The news threatens to reopen the divide between racecourses and horsemen over prize-money, which was closed when the Levy Board announced a one-off injection of £6.5m to fill the hole expected to be left in racecourse coffers by falling media rights income this year.
Courses including those under the Arena Racing Company (Arc) umbrella, had signalled their intention to cut prize-money in 2019 in response to the threat of falling income, a move which in Arc's case led to trainer and owner boycotts.
When the government reformed the levy it said it would consider extending the system to bets placed on foreign racing, a move which could bring in a further £15m-£20m.
However, ministers have said they would need to see racing make self-help efforts and also evidence of hardship before that change was made.
Many in the sport would also like to move towards a levy model based more on turnover to mitigate against bookmakers using the sport as a loss leader.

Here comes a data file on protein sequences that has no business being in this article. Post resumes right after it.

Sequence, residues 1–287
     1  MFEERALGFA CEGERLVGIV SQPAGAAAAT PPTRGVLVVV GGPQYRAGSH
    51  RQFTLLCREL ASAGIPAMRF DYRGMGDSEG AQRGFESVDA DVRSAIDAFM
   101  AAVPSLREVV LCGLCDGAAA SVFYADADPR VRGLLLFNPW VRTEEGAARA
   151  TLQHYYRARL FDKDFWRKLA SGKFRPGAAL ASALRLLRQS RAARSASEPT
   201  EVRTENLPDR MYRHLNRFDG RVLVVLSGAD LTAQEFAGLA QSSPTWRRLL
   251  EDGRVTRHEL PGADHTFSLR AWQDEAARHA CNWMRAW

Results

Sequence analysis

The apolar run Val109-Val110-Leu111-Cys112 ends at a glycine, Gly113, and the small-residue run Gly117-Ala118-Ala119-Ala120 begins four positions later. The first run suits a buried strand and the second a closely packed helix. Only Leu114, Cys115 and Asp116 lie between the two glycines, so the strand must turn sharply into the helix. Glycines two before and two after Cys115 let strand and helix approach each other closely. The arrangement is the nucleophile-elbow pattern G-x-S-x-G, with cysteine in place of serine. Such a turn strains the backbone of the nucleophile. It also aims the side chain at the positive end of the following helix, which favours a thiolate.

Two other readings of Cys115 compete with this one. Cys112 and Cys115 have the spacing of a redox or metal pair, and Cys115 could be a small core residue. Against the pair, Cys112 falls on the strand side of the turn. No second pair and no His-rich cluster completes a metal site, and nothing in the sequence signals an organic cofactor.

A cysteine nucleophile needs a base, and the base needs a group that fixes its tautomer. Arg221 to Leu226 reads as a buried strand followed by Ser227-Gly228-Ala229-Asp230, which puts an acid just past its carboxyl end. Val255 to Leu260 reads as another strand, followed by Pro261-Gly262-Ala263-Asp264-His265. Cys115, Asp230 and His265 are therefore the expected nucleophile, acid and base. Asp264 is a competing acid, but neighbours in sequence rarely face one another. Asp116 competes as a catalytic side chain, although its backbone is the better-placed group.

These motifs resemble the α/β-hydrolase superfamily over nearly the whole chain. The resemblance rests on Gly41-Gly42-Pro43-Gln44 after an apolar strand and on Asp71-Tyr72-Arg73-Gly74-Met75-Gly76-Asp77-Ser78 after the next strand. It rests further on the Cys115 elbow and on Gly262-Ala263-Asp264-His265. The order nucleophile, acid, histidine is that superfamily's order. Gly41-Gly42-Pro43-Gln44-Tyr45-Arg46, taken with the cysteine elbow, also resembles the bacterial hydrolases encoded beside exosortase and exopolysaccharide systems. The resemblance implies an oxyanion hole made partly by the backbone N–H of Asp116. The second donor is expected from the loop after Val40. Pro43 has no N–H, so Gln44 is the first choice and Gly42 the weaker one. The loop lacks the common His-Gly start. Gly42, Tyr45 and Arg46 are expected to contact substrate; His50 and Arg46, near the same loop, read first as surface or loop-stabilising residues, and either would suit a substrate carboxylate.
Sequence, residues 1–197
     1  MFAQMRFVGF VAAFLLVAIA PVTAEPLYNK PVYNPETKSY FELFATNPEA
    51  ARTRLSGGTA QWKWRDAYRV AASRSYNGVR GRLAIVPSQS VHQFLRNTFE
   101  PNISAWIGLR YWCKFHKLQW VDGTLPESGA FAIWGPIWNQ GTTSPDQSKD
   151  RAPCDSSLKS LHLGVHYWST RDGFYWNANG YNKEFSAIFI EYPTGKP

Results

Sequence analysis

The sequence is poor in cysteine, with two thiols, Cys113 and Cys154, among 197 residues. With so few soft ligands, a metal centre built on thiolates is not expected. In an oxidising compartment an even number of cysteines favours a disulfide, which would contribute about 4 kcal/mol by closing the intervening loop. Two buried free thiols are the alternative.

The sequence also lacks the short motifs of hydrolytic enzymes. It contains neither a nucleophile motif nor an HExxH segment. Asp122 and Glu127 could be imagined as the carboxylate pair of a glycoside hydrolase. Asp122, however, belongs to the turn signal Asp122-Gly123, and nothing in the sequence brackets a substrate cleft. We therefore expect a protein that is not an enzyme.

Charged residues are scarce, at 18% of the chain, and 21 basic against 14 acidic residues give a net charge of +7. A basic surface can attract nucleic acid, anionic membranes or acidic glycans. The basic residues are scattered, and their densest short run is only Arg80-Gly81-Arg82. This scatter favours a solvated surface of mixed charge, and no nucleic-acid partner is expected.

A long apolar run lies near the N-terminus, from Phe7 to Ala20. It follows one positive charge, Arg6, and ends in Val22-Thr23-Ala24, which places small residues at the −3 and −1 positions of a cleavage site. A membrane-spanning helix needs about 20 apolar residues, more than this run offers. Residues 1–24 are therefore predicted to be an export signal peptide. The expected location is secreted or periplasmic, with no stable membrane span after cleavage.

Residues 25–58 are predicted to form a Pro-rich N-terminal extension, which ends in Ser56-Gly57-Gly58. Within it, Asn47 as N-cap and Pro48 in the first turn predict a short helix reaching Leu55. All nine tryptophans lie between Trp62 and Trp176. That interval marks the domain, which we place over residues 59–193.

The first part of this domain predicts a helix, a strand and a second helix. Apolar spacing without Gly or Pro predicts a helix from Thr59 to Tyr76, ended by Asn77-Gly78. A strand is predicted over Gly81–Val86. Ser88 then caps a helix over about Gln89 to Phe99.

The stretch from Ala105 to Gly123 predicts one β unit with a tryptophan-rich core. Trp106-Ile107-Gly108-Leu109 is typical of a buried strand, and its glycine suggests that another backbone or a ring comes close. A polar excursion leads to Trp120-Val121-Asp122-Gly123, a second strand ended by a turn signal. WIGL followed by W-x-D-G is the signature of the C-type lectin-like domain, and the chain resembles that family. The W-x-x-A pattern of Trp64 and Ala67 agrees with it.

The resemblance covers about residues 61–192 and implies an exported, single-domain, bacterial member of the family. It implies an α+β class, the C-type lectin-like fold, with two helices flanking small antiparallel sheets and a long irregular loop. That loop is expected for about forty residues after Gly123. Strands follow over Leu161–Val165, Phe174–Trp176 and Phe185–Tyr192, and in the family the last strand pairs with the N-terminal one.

The spokesman added: "The government and parliament have been very supportive of British racing making important and welcome changes to the levy in 2017.
"Like us, they have been waiting to see how these reforms would bed in and what the impact would be on racing's income. We will discuss this with ministers and officials at the next opportunity."
Responding to the news, a DCMS spokesperson said: "We absolutely recognise the significant contribution that horseracing makes to the British economy. In 2017 we acted to future-proof the Horserace Betting Levy by extending it to offshore bookmakers for the first time – generating an extra £45 million in statutory levy income in 2017-18.